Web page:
Father Geevarghese, a parish priest at a South Delhi church, likes to keep to himself. A compassionate man by nature, his overriding passion is football, and his hero is the Colombian goalkeeper Higuita. Uncharacteristically for a Catholic priest, Father Geevarghese has often imagined Higuita as Lord Shiva, stone-faced, strong, with his matted locks flowing in the wind.
A significant number of his flock comprises neo-convert tribal girls from Jharkhand, employed as maids in posh South Delhi homes. Like Lucy Marandi. The affable father is also aware of the racket that operates in Delhi; brokers who brings such girls to Delhi from their forest patches, promising them good salaries. He also knows how these brokers often behave like pimps, exploiting the girls themselves or pushing them into prostitution.
One of the regulars at his Church, Lucy, was going through such a torture at the hands of Jabbar, the person who brought her to Delhi. And the father suspected something's wrong from Lucy's sad face and her sobs at Sunday masses. Like his role-model Higuita - a goalkeeper who is not afraid to leave his comfort zone of the penalty area and play forward, even score a goal or two - Father Geevarghese decided to take matters in his hands.
He asked Lucy to take him to Jabbar's house and when Jabbar tried to hit Lucy, Father Geevarghese transformed himself into Forward Geevarghese, that young, athletic footballer who could have made it to the Kerala state team had he not opted to be part of God's Eleven. His kicks, which carried the same weight as 30 years ago, were now aimed at Jabbar's chest and face. Blood oozed down a fainting Jabbar's chest, adding red to the 'Oklahoma' graffiti on his dirty, white T-shirt.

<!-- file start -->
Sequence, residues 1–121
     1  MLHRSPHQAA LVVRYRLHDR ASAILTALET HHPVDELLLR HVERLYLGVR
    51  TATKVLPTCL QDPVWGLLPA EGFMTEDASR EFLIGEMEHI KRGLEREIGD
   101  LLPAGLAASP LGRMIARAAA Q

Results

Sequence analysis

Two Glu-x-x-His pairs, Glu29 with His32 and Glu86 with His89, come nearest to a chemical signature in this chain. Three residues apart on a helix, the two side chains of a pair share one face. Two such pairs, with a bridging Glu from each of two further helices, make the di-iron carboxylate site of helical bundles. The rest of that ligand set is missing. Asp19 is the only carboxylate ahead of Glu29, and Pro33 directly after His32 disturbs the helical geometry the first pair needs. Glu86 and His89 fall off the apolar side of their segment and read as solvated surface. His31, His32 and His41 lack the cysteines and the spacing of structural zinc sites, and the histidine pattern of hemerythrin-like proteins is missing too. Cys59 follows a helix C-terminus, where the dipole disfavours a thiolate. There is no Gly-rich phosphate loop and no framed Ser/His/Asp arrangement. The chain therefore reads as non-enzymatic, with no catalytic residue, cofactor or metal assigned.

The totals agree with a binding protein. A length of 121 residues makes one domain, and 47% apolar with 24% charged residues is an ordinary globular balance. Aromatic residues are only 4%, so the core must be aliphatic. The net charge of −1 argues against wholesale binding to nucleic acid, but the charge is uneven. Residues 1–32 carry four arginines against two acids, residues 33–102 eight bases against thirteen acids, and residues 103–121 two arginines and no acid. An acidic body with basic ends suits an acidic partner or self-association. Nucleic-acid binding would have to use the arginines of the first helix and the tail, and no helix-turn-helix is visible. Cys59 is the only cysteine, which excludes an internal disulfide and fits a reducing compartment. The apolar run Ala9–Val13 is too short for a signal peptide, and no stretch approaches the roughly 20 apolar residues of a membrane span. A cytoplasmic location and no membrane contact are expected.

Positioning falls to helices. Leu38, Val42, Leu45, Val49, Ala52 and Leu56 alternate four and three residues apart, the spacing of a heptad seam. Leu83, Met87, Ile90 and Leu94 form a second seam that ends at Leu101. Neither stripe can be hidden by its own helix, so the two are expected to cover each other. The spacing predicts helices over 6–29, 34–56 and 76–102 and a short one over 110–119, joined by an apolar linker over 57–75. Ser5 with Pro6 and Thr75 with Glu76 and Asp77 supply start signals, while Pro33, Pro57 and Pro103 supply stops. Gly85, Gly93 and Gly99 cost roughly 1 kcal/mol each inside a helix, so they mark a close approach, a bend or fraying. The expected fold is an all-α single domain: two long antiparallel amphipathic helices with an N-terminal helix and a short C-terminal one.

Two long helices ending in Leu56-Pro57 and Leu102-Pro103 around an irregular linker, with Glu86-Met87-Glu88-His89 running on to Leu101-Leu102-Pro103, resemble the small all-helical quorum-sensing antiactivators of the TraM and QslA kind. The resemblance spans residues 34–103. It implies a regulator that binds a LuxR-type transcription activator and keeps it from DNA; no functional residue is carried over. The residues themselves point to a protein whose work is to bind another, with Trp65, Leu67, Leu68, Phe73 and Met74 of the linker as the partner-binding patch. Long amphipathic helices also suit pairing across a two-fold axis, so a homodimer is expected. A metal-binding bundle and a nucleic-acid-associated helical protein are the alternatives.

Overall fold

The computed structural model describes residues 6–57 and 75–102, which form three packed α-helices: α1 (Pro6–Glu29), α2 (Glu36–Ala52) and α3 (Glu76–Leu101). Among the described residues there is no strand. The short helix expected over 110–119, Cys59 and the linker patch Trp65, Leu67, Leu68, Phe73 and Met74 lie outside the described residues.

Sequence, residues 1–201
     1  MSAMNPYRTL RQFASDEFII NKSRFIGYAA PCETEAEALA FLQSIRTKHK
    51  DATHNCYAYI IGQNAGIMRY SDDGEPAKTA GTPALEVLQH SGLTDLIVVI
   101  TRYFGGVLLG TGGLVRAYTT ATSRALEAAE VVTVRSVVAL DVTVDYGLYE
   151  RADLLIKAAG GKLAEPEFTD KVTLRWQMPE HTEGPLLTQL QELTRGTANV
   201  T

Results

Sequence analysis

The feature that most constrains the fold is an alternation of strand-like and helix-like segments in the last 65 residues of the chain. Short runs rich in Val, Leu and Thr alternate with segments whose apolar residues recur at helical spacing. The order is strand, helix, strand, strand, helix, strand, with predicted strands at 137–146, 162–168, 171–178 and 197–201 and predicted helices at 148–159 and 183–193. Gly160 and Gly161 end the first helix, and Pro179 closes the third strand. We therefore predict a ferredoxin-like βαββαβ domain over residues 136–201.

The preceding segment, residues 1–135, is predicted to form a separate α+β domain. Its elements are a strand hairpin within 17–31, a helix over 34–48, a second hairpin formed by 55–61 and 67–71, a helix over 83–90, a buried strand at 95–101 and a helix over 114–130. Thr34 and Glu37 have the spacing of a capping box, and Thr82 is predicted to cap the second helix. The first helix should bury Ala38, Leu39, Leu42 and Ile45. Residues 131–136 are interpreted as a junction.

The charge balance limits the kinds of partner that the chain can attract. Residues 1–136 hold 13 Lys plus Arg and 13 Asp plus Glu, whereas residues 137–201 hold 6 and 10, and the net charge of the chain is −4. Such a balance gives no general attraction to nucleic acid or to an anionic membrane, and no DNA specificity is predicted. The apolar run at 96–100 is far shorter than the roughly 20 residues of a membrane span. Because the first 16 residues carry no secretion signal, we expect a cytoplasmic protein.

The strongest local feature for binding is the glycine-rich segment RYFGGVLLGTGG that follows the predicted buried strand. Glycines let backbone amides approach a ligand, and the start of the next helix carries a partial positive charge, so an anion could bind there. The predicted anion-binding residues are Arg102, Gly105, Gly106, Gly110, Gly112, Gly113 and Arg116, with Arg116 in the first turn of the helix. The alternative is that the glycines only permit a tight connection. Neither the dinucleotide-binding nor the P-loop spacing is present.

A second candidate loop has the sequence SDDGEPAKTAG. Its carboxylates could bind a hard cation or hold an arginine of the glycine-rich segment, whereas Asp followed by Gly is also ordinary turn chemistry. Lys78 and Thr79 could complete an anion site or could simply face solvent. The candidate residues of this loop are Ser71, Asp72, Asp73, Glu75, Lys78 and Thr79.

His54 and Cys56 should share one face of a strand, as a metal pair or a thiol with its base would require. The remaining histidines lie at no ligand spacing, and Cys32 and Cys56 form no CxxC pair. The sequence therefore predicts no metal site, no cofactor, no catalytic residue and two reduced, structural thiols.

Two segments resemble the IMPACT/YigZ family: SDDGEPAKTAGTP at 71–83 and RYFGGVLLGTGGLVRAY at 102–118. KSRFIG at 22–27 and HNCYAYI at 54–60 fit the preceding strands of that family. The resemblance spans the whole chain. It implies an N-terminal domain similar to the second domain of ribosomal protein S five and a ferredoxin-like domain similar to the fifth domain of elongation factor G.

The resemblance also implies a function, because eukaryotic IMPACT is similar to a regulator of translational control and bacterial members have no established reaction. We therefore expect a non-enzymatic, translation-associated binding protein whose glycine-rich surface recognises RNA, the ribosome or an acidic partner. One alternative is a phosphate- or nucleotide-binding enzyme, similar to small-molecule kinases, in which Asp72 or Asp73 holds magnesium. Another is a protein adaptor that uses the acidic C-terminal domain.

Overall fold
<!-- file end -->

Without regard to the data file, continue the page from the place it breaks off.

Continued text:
Father Geevarghese returned to his church, calm and quiet, just like Higuita walking to his goalpost from midfield, his job done.
N.S. Madhavan wrote the short-story Higuita in 1990, and 24 years later tribal girls from Chhattisgarh are using football to set themselves free so that they do not have to depend on good samaritans who are hard to come by these days.
Last month, the 18 tribal girls representing Yuwa India, the NGO that gives self-expression and self-improvement to girls through football, were placed third among 10 teams playing for the Gasteiz Cup in Victoria Gasteiz in Spain. They were placed third after two wins, two losses, and one draw against international teams. Earlier during the Donosti Cup, Spain's biggest football tournament, the girls made it to the quarterfinals from among 36 international teams.